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Math Help - Continuity

  1. #1
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    Continuity

    I need to show that if f is a function with domain on the closed interval [a,b] and the range of f is {-1,1}, then there is a number x in [a,b] at which f is not continuous.

    I'm guessing it is not continuous at a or b or both but I'm not sure how to go about proving it.
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  2. #2
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    If the range is {-1,1}, you can find x,y in [a,b] such that f(x)=-1 and f(y)=1. f can't be continuous in the interval [x,y] (or [y,x]!) because of Bolzano.
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  3. #3
    Super Member redsoxfan325's Avatar
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    I would have gone with IVT. Assume f is continuous. If there exists x,y\in[a,b] such that f(x)=1 and f(y)=-1, then f takes on all real values between 1 and -1 on the interval [x,y]. But this is impossible since the range is only \{-1,1\}. So f is discontinuous.
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  4. #4
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    redsox...could you elaborate on your response? specifically, this part... "then takes on all real values.... But this is impossible since the range is only ".

    I guess I don't see why f taking on all values between -1 and 1 on [x,y] means it's discontinuous if the range is from -1 to 1.
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  5. #5
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    Quote Originally Posted by spikedpunch View Post
    redsox...could you elaborate on your response? specifically, this part... "then takes on all real values.... But this is impossible since the range is only ".

    I guess I don't see why f taking on all values between -1 and 1 on [x,y] means it's discontinuous if the range is from -1 to 1.
    It is just this simple.
    How can a function be continuous if it ‘jump’ back and forth between -1~\&~1.
    That violates the intermediate value theorem.
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  6. #6
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    In the class I am in I am unable to reference the IVT, so I need to prove it some other way.

    Oh and another question. if f(a)=-1 and f(b)=1 why can't this be continuous? it could just be a straight line from (a,-1) to (b,1) and not jump around.....right?
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  7. #7
    Super Member redsoxfan325's Avatar
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    Quote Originally Posted by spikedpunch View Post
    In the class I am in I am unable to reference the IVT, so I need to prove it some other way.

    Oh and another question. if f(a)=-1 and f(b)=1 why can't this be continuous? it could just be a straight line from (a,-1) to (b,1) and not jump around.....right?
    Set \epsilon=1. \forall\delta>0, \exists x,y\in[a,b] such that f(x)=1, f(y)=-1, and |x-y|<\delta (since the range of f is only the two points \{-1,1\}, NOT the interval of values [-1,1]).

    Thus |x-y|<\delta and |f(x)-f(y)|=2>1=\epsilon, so f is discontinuous.
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  8. #8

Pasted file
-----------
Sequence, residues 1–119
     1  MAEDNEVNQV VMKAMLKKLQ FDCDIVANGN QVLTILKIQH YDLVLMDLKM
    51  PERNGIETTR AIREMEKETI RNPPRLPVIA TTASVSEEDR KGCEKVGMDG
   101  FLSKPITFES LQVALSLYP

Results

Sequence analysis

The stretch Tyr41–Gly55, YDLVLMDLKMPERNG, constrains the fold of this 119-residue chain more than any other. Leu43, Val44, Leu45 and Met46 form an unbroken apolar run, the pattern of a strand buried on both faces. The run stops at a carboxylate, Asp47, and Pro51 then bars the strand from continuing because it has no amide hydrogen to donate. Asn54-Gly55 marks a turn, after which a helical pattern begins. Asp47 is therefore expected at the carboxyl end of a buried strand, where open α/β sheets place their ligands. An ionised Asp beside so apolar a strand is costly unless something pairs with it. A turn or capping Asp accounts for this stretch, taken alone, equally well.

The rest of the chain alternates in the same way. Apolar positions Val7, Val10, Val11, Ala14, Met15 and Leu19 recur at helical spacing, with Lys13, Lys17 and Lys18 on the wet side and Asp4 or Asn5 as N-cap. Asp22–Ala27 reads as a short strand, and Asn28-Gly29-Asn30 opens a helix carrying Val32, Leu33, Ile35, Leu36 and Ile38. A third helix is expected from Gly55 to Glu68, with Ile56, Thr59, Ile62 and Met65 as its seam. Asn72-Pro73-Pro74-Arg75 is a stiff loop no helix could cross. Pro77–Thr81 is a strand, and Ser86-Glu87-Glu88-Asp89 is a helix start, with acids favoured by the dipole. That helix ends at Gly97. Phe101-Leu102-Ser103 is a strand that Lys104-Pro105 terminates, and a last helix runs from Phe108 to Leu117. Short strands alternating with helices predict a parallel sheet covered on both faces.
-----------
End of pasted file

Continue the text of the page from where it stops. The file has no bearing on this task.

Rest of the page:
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    I looked into your answer a bit and apparently it assumes uniform continuity, which hasn't been proven in my class and therefore cannot be used. The only tool I have to show continuity is the epsilon-delta way at a point x.

    So I'm back to square one.
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  9. #9
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    You are misreading the problem. You said "I guess I don't see why f taking on all values between -1 and 1 on [x,y] means it's discontinuous if the range is from -1 to 1."
    The range is NOT "from -1 to 1". That would be [-1,1]. The problem said that the range is {-1, 1} which is NOT an interval- it is the two numbers, -1 and 1, only.
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  10. #10
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    I understand that, thanks. But that doesn't really help or answer my question. The only definition I can use to prove discontinuity is epsilon-delta, and I can't use uniform continuity or the IVM.

    Thanks to any and all responses
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  11. #11
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    Well, then, I guess the problem depends upon what definition of "continuous" you are using. One regularly useddefinition is "f":A->B is open if and only if for every open subset, U, of B, f^{-1}(U) is an open subset of A". Here, the topology for B= {-1, 1}, since it contains of finite number of points, is the "discrete topology". Every subset is open which means that, if f is continuous, every subset of [-1, 1] must be continuous. That is not true.
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  12. #12
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    The definition of continuity we are using is: The function f is continuous at the point p=(x,y) if p is a point on f and if epsilon is any positive number, then there is a positive number delta such that if t is in the domain of f and the absolute value of t-x is less than delta, then the absolute value of f(t)-f(x) is less than epsilon.

    Redsox fan kind of used this one, but I was told by my prof that this assumes uniform continuity (?) and I'm not allowed to do so.

    Again, thanks for responses.
    Last edited by spikedpunch; November 11th 2009 at 07:21 AM.
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